The Importance of Listening Skills for Managers, by Jackie Edwards
Listening. Today, around 40% of employees do not feel valued or appreciated, and around 70% would be willing to accept an offer for another job or are actively looking. This issue stems from a difficulty in communication within the workplace which, as a manager, it is important to address.
While it is widely recognized that managers must be excellent leaders and problem solvers, a very important and often underlooked managing skill is also listening. This skill can make you a better and more effective manager; employees will strive hard to do their best for a manager who actively listens to them, leading to a more productive and motivated team. Here are our tips to help managers improve their listening skills.
1) Focus on Your Employees (and Avoid Electronic Distractions)
When an employee is trying to have a conversation with a manager, all electronic devices such as mobile phones, tablets or computers are distractions. A manager may not realize this, but checking their emails during a conversation does not come off as respectful to the employee trying to convey a specific message. The speaker will probably feel unimportant and underappreciated and the manager might miss out on important information. Ditch the electronic devices to avoid distractions and focus your attention on the speaker.
2) Be Patient!
Even if you are dying to jump in and express your point of view, allow the person who is speaking to you to finish. It’s probably hard for the speaker to come in and start the conversation in the first place, and they may feel devalued if interrupted continuously. Listen quietly and express your views after the speaker has finished.
Furthermore, research has shown that managers that respond too quickly to statements made during meetings and discussions usually miss the point of what their employees are trying to say. When your employees have finished talking, repeat the key points back to them to make sure you’ve understood their message correctly and to reinforce it yourself.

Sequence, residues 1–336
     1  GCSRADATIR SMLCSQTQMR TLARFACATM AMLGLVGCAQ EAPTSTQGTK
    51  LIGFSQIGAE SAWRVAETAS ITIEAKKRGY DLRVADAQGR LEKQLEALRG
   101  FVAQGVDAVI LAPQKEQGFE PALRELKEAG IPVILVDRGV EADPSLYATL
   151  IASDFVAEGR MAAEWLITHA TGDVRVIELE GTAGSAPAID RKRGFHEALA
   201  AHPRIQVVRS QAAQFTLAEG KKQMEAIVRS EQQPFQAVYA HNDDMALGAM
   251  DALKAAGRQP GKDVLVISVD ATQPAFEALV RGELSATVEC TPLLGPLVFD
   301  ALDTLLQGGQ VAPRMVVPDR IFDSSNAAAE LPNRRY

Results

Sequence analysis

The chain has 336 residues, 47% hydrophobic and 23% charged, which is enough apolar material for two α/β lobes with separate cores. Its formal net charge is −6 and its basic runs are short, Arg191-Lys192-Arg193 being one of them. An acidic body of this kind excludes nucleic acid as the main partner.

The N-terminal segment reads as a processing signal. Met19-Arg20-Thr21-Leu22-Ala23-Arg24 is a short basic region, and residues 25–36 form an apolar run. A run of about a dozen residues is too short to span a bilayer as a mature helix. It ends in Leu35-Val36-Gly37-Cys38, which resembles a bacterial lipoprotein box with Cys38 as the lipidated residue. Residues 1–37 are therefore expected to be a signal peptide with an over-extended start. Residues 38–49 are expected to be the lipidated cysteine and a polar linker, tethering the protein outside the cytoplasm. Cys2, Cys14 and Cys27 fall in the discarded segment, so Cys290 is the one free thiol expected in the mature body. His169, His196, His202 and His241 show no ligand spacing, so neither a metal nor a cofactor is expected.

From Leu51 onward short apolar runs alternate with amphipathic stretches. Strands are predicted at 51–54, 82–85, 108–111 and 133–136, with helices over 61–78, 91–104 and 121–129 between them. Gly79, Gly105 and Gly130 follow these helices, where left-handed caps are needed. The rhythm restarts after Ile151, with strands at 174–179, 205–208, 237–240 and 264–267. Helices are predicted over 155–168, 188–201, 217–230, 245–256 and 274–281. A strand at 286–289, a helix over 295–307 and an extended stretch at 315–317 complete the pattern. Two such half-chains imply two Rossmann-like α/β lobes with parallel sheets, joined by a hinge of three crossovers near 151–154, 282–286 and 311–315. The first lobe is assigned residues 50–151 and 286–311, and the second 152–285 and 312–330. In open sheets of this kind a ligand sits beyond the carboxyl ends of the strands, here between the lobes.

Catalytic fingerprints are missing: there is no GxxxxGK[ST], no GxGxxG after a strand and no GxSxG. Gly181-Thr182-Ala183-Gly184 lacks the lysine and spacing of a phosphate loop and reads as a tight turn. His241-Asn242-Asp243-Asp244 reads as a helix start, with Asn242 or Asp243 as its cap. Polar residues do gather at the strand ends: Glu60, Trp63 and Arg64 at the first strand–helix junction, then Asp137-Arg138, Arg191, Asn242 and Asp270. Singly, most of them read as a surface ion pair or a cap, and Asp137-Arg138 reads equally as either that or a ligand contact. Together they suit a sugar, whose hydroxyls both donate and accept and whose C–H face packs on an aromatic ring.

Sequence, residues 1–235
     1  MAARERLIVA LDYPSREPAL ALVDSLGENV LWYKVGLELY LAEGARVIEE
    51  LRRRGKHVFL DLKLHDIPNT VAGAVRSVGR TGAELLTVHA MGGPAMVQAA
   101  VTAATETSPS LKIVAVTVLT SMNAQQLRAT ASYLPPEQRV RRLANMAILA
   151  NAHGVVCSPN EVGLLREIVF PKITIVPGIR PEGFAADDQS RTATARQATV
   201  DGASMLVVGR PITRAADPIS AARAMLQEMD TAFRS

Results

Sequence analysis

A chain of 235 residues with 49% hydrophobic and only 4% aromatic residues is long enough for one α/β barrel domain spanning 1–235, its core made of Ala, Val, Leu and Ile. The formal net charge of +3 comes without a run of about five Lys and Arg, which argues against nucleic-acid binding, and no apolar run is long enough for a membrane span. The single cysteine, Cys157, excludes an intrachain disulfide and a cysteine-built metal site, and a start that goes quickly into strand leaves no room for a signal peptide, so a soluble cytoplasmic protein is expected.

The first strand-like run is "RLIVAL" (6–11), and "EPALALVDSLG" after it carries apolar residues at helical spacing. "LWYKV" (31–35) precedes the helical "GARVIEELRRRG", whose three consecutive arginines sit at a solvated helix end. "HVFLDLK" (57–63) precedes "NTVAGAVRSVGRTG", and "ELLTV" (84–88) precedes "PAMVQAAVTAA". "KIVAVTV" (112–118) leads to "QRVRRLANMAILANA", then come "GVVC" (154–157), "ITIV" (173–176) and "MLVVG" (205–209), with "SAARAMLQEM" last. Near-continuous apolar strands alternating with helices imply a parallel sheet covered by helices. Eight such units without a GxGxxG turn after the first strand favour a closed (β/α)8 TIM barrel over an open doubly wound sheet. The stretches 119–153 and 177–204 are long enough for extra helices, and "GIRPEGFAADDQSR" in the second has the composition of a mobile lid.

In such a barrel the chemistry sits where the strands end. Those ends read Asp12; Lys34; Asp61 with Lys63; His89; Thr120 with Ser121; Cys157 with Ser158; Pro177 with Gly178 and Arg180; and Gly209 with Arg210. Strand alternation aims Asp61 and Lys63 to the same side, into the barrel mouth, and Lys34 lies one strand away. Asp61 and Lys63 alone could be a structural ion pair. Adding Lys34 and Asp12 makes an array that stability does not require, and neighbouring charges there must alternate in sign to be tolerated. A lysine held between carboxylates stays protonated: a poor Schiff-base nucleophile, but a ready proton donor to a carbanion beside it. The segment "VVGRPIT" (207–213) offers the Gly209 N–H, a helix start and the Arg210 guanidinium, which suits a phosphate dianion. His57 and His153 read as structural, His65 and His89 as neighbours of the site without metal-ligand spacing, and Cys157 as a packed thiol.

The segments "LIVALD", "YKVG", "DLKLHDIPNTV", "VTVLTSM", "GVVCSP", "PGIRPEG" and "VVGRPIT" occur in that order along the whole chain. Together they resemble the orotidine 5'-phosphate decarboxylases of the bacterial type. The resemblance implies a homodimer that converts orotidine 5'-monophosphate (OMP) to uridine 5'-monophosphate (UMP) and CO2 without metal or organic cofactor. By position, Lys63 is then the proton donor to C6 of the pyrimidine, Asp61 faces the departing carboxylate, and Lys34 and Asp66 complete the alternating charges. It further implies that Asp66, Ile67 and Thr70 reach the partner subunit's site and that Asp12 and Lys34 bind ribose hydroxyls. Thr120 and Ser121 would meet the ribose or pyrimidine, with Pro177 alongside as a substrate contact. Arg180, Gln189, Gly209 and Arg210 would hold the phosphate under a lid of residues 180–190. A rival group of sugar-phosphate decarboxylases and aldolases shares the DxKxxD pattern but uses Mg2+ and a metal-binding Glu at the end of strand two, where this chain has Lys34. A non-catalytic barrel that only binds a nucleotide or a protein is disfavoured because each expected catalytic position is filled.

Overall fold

3) Be an Active Listener!
Don’t focus only on the words that your employee is using; nonverbal cues can convey essential information if one knows how to read them. Look out for changes in intonation, volume, pace and flow and keep an eye on facial expressions and body language. All of these can be quite informative and reveal a lot.
4) Avoid Misunderstandings
We’ve talked about body language; just as you can gather information from the speaker’s body language, they can do the same by looking at you. Resist the temptation to roll your eyes, grimace or make a face.
Ask your employee to clarify if you really don’t understand what they’re trying to say and remain focused for the whole duration of the conversation. Selective hearing leads to misunderstandings as you hear only portions of what the speaker has said and you might miss important parts of the message.
An Effective Management Strategy
Remember, listening skills enable a manager to understand intentions and feelings of their team, an essential skill for team management. Your employees will be more open, positive and motivated if they feel they are being heard and will strive to do their best for the team.
The best managers don’t give orders; they are first of all excellent communicators, and effective communication starts with listening.